Eitan found himself looking forward very much to the lessons; his artistic talents, which had not been given a chance to develop since his school days, were now growing. And he found himself looking forward to listening to Talia's words, and to looking at her. He wished he could see more of her – outside the class, but did not have the courage to ask her out.

Meanwhile the business at the studio was expanding very satisfactorily. People were happy with his work and recommended him to their friends. At the end of a particularly busy day, Eitan was looking forward to going home to a long hot shower. He had locked up when there was a knocking at the door. Sighing rather wearily, he was tempted to ignore it, and leave by the back door, when there were a few more knocks. He opened the door; it was Talia, the art teacher.

"Oh, I didn't know this was your studio."

"It isn't: it's my uncle's. But do come in." All weariness and thoughts of a hot shower vanished. "How can I help you?"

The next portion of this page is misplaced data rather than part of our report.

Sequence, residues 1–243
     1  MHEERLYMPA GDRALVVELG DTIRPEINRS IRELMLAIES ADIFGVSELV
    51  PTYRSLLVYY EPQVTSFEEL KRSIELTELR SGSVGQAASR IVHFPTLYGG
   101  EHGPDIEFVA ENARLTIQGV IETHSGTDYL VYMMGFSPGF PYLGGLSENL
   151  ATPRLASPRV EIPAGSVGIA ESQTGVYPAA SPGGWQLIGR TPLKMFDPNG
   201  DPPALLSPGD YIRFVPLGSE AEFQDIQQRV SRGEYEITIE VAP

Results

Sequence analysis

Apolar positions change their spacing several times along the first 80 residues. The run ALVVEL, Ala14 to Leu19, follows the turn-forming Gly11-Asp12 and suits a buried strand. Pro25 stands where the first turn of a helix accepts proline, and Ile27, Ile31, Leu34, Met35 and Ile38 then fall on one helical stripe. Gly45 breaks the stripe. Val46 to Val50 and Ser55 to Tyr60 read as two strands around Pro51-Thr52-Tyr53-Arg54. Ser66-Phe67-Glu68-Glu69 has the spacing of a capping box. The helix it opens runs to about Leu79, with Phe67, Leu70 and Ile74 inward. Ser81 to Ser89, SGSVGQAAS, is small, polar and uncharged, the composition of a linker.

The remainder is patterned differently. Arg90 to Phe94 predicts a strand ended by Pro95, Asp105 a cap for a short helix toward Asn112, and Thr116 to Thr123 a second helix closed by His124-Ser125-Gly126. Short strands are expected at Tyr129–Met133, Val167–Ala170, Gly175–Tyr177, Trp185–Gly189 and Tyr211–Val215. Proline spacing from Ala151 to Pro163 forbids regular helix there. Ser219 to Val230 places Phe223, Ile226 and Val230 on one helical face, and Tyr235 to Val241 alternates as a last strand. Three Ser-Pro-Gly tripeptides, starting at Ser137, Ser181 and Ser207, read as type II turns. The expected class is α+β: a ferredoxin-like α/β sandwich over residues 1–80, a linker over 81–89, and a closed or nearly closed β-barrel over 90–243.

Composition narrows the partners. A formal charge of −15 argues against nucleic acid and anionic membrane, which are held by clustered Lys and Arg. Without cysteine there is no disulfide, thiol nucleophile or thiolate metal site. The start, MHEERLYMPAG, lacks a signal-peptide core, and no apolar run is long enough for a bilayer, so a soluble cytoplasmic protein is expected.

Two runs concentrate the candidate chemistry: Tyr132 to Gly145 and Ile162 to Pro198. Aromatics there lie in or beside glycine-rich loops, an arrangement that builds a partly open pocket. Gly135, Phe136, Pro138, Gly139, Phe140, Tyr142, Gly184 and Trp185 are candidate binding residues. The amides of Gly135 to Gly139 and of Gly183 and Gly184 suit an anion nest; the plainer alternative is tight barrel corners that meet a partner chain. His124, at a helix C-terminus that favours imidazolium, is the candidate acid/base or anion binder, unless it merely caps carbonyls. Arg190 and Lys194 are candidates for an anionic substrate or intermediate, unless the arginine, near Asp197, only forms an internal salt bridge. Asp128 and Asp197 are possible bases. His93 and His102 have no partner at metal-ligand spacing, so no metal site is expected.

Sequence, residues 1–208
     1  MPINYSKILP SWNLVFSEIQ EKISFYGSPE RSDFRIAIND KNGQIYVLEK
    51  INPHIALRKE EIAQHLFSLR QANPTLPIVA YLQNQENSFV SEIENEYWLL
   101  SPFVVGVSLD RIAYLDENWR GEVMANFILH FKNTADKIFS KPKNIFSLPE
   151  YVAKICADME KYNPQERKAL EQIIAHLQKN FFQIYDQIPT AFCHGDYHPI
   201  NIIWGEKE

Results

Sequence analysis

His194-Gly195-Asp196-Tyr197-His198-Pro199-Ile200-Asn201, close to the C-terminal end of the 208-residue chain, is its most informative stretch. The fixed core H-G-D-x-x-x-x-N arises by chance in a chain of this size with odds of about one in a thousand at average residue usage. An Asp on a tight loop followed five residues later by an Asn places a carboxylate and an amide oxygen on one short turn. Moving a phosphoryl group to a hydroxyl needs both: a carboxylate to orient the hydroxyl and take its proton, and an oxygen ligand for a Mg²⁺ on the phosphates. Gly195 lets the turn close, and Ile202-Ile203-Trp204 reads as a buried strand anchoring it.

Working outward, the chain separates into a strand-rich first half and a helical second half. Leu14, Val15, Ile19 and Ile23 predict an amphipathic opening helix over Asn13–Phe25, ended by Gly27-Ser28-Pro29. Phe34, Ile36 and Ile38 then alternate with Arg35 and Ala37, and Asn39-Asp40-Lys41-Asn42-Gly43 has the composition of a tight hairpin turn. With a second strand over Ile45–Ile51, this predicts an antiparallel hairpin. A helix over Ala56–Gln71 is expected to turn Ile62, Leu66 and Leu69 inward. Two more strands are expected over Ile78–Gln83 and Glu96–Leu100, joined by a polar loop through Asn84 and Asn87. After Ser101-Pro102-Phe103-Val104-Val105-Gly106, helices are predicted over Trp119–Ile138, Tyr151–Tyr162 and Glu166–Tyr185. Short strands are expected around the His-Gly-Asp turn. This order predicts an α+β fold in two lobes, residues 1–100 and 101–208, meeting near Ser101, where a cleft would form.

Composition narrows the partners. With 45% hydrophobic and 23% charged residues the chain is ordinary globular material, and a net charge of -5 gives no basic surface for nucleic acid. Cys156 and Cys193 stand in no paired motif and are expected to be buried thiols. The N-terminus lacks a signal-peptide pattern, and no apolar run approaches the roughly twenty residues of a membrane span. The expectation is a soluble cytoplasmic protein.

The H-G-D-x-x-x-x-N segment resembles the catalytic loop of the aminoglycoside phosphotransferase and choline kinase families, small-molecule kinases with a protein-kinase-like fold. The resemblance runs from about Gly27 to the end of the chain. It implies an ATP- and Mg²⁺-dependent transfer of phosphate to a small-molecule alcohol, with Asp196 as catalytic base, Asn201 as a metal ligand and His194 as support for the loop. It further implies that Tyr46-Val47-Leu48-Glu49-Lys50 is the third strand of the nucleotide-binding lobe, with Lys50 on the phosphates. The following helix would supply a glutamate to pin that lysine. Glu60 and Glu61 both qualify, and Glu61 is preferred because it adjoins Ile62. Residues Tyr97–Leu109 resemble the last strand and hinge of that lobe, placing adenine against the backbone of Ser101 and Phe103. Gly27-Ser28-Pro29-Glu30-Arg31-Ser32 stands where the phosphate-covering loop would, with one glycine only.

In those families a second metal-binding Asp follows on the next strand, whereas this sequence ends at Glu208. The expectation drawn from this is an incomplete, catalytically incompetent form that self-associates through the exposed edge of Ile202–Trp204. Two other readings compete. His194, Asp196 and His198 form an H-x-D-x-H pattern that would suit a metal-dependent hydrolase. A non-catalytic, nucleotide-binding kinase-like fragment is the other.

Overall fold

Talia fished around in her pockets and then triumphantly produced a slip of paper. It was a receipt from the studio.

"Do you still have this? My mother paid for it weeks and weeks ago – but then my father became ill and she had other things to think about. I hope you haven't lost it or …"

Eitan took the receipt and went down to the basement where the painting of the sunlit forest had been stored. He returned with it, cradling it in his arms.

"I'll be sorry to lose it – it is so beautiful." And he could not help asking, "But who is Sam?"

Talia blushed slightly. "I am. I'm Talia Samuels." She did not explain her fear of judges who preferred male painters. That would come later.

Now that he was on home ground, so to speak, Eitan felt a rush of courage surge through his veins.

"Well, Sam, I'm glad that the enchanted forest has returned to its rightful owner. What would you say to a hot drink? I know that "Old Vienna" does a pretty good coffee. They also serve a wonderful hot chocolate that I discovered quite by chance. I call it 'Sweet Serendipity' ".

He gave her a smile; she smiled back. And they left the studio for the coffee shop together. 

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Wednesday, 17 July 2024